This covers the Wallachians from their independence from Hungary in 1330 until they became vassals of the Ottomans in 1476 after the death of Dracula (Vlad Tepes, "Vlad the Impaler", 1456 - 1462 and 1476), The boyars were the nobility. Viteji were landowning peasants; many were promoted to the gentry by Dracula for bravery on the battlefield - and given the wealth of boyars he had impaled or otherwise inventively eliminated. The curteni were the standing army of cavalry and infantry. An Italian traveller of the mid-15th century described the Wallachian army as "ranking among the most valiant in the world". Wallachians sought to fight in mountain defiles, woods or marshy ground to restrict enemy cavalry. Some boyars wore partial plate armour and fought with lances, but others were of Lithuanian origin and may have fought in Lithuanian style. The Wallachians preferred a more mobile battle, launching sudden attacks from ambush and under Dracula indulging in night surprises and atrocities that established a complete morale ascendency over the Turks, who at night huddled terrified behind their camp defences. The so-called "Crusaders" were Italians and Bosnians and Croats in Italian armour and were actually paid mercenaries.

Wednesday, March 4, 2015

Book Review: Encyclopedia of Eastern Europe

HABSBURG Review 2000/28 8 November 2000

Making Eastern Europe's Complexity Accessible to Non-Specialists

Richard Frucht, editor. _Encyclopedia of Eastern Europe: From the Congress of Vienna to the Fall of Communism_. New York and London: Garland Publishing, 2000. xvi + 958 pp. Maps, index, $ 145 (library binding). ISBN 0-8153-0092-1

Reviewed for HABSBURG by Hugo Lane <, Polytechnic University New York

An encyclopedia of this type has long been wanting. While specialists may know two or three, and sometimes more languages due to the necessity of their work, they are still likely to find themselves with a question about a person, event, or region that is not likely to be in either an English language encyclopedia, or in an encyclopedia in a language they may know. Nor is it just specialists that have been hindered by this absence. As Richard Frucht explains in the introduction, as a member in a project sponsored by AAASS to encourage greater attention to Eastern Europe in secondary schools, the most widely sited obstacle sited by secondary school educators was the absence of a general reference guide about Eastern Europe. Given this experience, it is not surprising that Garland Publications asked him to what became the volume at hand, or that he felt he could not refuse, and I suspect that many of the Eastern Europeanists on HABSBURG would have reacted the same way.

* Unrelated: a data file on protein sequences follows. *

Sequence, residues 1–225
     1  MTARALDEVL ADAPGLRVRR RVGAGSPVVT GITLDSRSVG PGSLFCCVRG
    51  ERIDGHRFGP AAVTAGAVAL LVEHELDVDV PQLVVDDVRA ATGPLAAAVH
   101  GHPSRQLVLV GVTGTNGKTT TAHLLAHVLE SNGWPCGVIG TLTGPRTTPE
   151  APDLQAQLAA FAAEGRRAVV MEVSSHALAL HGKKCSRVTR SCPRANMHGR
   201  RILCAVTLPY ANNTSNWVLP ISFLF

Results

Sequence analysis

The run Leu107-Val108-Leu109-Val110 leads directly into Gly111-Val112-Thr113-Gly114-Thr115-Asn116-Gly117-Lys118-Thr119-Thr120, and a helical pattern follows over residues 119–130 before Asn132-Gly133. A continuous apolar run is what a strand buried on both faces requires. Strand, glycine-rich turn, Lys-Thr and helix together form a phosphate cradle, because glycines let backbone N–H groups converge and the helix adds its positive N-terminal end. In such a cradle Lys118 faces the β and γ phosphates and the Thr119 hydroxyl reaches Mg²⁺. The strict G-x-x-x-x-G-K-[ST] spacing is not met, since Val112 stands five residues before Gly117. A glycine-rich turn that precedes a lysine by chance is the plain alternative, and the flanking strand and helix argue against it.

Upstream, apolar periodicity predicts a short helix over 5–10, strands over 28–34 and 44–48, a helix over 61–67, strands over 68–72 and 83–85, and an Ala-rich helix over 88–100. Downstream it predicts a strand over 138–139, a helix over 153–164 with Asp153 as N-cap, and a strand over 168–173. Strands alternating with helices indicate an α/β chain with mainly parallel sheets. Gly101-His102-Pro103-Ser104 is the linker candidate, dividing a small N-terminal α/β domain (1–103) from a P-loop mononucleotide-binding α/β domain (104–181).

The results of Frucht's efforts are considerable. With the help of 215 specialists, he has compiled a single volume chocked full of information about East European geography, culture, history, and politics, which will give secondary school teachers a logical and informative base to set up a unit on Eastern Europe. This is particularly true of the articles surveying the history of Albania, Bulgaria, Czechoslovakia, Hungary, Poland, Romania, and Yugoslavia, which are intended to be the centerpieces of the work, and contain brief but solid bibliographies for further reading, as well as quite lengthy lists of entries about other relevant, but more specific topics. Noteworthy among this second type of articles are a number of articles that appear intended to break the national boundaries that make it difficult for non-specialists to gain a grasp for the similarities that exist between different countries, exemplified by articles on "peasant parties," "right-wing radicalism," and other strings of articles like those on the Communist parties, economic development, and women in the seven countries named above. Beyond that there are biographies of major historical and cultural figures, brief accounts of significant events and concepts, and geography to be expected in such a volume, which specialists are most likely to refer to.

That is not to say that specialists will be 100% satisfied with the content of the articles. They will spot items that could or should have been included in entries with just a few more words. For the most part these are minor, however, and do not affect the overall value of the information for non-specialists. After all, how important is it that high school students know there were two peasant parties in the Second Polish Republic prior to 1931, when their teachers may only get a week to talk about all of Eastern Europe. Browsing through the articles this reader has spotted several small factual errors, but desirable as an error-free encyclopedia might be, it is also the rarest of rarities, and the errors spotted by this reviewer are not very harmful. Thus much as it may pain this reader's heart to learn that the university in L`vov (sic) was founded in 1656 and not 1661 as was long claimed at the university, or 1784 the date Joseph II established a university there favored by Ukrainian nationalists, the existence of a moderately old university in that city is likely to be news to many.